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Babylonian Talmud: Tractate Shabbath
It was stated: if hot water is heated on the eve of the Sabbath, — Rab said: On the morrow one may wash his whole body in it, limb by limb; while Samuel ruled: They [the Sages] permitted one to wash his face, hands, and feet only.
An objection is raised: If hot water is heated on the eve of the Sabbath, on the morrow one may wash his face, hands, and feet therein, but not his whole body. This refutes Rab? — Rab can answer you: Not his whole body at once, but limb by limb. But he [the Tanna] states, his face, hands, and feet? — [It means] similar to the face, hands, and feet.3 Come and hear: It was permitted to wash only one's face, hands, and feet [on the Sabbath] in water heated on the eve of the Sabbath? — Here too [it means] similar to the face, hands, and feet.
It was taught in accordance with Samuel: If hot water is heated on the eve of the Sabbath, on the morrow [the Sabbath day] one may wash his face, hands, and feet therein, but not his whole body limb by limb; and with water heated on a Festival it goes without saying.4 Rabbah recited this ruling of Rab in the following version: If hot water is heated on the eve of the Sabbath, — Rab said, On the morrow one may wash his whole body in it,5 but must omit one limb. He raised against him all the [above] objections. He is [indeed] refuted.6
R. Joseph asked Abaye, Did Rabbah act in accordance with Rabis ruling? I do not know, he replied. What question is this: it is obvious that he did not act, for he was refuted? He did not hear them.7 But if he had not heard them he certainly acted [thus]! For Abaye said: In all matters the Master [sc. Rabbah] acted in accordance with Rab, except in these three where he did as Samuel: [viz.,] one may light from lamp to lamp, one can detach [the fringes] from one garment for [insertion in] another, and the halachah is as R. Simeon in respect to dragging.8 — He followed Rab's restrictions, but not his leniencies.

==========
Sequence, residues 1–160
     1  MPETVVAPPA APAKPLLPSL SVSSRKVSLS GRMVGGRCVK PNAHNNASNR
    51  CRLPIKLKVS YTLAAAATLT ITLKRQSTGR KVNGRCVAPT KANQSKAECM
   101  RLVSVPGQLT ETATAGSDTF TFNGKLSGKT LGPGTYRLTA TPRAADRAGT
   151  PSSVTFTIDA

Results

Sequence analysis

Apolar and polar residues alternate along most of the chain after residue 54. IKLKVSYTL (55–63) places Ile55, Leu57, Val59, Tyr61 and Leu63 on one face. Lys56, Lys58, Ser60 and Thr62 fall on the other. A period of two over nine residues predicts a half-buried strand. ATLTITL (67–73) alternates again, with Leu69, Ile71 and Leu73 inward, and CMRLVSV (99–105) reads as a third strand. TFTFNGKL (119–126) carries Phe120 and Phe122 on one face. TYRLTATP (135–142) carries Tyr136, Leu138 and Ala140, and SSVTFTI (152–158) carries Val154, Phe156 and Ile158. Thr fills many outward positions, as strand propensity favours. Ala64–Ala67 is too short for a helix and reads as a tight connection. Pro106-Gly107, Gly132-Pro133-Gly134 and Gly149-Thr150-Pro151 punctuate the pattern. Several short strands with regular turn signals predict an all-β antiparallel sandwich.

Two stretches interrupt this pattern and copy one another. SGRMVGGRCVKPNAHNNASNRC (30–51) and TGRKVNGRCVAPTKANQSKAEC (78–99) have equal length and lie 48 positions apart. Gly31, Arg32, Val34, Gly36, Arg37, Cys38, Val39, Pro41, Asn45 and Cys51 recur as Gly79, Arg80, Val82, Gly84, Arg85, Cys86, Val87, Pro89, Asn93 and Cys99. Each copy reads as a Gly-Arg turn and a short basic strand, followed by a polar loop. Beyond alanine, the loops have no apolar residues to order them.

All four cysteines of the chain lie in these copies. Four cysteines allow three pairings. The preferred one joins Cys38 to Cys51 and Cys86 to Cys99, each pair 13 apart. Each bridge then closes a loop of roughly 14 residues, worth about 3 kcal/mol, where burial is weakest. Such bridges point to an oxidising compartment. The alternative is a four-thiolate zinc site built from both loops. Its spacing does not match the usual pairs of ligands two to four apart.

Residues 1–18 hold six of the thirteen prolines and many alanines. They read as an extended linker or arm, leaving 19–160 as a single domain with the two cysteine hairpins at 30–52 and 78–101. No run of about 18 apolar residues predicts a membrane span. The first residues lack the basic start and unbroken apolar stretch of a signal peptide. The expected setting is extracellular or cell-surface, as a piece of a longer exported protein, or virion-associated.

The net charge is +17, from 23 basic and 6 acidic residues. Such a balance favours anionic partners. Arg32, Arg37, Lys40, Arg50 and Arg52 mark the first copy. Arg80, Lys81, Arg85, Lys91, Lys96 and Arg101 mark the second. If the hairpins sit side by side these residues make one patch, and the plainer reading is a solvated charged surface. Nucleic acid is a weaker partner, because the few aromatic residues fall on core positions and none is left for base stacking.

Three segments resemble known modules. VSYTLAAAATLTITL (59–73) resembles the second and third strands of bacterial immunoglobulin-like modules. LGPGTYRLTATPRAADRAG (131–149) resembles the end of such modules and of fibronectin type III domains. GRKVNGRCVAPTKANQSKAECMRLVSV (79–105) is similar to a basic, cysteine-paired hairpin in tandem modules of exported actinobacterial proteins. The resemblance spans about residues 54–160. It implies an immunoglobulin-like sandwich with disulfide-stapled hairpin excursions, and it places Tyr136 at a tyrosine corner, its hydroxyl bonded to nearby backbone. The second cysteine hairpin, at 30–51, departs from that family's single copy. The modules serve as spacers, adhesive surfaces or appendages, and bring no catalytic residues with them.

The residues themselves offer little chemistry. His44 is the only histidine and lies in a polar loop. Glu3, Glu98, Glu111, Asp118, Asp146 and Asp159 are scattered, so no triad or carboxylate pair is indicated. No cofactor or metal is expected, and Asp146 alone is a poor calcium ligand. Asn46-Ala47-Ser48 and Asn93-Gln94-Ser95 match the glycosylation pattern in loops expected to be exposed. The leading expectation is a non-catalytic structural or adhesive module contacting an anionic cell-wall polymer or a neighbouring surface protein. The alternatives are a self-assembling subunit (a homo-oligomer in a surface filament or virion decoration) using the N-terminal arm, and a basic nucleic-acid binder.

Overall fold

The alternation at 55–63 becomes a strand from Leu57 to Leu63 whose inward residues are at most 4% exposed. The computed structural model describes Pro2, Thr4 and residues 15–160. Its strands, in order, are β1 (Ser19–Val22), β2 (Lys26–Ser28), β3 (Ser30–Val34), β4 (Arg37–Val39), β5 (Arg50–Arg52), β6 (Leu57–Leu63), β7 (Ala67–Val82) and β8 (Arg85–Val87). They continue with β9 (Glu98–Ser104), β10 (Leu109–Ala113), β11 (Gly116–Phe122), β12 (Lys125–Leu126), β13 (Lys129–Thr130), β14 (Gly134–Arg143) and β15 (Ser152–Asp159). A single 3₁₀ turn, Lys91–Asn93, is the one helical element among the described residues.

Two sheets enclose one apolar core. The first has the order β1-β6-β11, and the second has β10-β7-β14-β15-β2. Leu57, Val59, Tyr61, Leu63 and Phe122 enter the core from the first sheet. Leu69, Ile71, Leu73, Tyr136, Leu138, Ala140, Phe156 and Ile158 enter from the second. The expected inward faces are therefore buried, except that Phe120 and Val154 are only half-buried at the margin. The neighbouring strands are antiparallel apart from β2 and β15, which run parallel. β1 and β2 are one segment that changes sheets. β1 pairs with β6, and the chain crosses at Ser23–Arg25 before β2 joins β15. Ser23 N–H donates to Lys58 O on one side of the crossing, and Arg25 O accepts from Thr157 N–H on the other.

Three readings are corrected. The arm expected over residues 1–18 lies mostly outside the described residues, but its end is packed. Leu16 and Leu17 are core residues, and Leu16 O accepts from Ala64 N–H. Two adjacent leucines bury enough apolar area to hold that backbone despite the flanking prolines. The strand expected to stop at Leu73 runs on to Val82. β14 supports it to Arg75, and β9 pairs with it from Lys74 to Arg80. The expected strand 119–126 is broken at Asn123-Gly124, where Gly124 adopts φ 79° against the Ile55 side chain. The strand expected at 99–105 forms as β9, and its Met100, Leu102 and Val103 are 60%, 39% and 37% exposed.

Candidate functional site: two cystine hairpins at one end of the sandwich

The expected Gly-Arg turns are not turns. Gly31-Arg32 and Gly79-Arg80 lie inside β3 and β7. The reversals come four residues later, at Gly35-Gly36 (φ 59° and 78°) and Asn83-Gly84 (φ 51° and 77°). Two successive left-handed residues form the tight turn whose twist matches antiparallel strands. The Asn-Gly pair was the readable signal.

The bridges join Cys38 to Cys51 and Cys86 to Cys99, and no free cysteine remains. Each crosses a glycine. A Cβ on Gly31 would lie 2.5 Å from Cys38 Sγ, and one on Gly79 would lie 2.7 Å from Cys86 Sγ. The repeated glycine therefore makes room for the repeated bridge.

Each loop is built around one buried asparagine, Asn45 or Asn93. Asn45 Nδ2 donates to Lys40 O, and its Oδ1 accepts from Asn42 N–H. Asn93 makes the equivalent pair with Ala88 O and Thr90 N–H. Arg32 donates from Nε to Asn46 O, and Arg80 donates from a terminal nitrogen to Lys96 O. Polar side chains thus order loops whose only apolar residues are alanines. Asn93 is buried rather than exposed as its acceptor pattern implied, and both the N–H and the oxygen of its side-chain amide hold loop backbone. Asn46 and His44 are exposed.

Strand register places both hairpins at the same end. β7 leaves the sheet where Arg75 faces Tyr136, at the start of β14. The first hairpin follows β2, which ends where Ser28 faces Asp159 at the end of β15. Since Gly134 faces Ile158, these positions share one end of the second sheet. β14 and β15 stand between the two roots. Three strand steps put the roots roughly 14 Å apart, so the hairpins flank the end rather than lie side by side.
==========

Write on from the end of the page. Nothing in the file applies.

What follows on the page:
Our Rabbis taught: If the holes of a bath-house are plugged9 on the eve of the Sabbath, one may bathe therein immediately after the conclusion of the Sabbath; if on the eve of a Festival, one may enter on the morrow,10 sweat, and go out and have a souse bath11 in the outer chamber.12 Rab Judah said: it once happened at the baths of Bene Berak13 that the holes were plugged on the eve of a Festival: on the morrow R. Eleazar b. 'Azariah and R. Akiba entered, sweated therein, went out, and had a souse bath in the outer chamber, but the warm water was covered over with boards.14 When the matter came before the Sages, they said: Even if the warm water is not covered with boards.15 But when transgressors grew in number, they began forbidding it.16 One may stroll through the baths of large cities and need have no fear.17
What is [this reference to] transgressors? For R. Simeon b. Pazzi said in the name of R. Joshua b. Levi on the authority of Bar Kappara: At first people used to wash in pit water heated on the eve of the Sabbath; then bath attendants began to heat the water on the Sabbath, maintaining that it was done on the eve of the Sabbath. So [the use of] hot water was forbidden, but sweating was permitted. Yet still they used to bathe in hot water and maintain, We were perspiring. So sweating was forbidden, yet the thermal springs of Tiberias were permitted. Yet they bathed in water heated by fire and maintained, We bathed in the thermal springs of Tiberias. So they forbade the hot springs of Tiberias but permitted cold water. But when they saw that this [series of restriction] could not stand,18 they permitted the hot springs of Tiberias, whilst sweating remained in status quo.19
Raba said: He who violates [even) a Rabbinical enactment, may be stigmatized a transgressor.20 According to whom?
According to this Tanna.1 'One may stroll through the baths of large cities, and need have no fear.' Raba said: Only in large cities, but not in villages. What is the reason? Since they are small, their heat is great.2
Our Rabbis taught: A man may warm himself at a big fire, go out, and have a souse in cold water; providing that he does not have a souse in cold water [first] and then warm himself at the fire, because he warms the water upon him.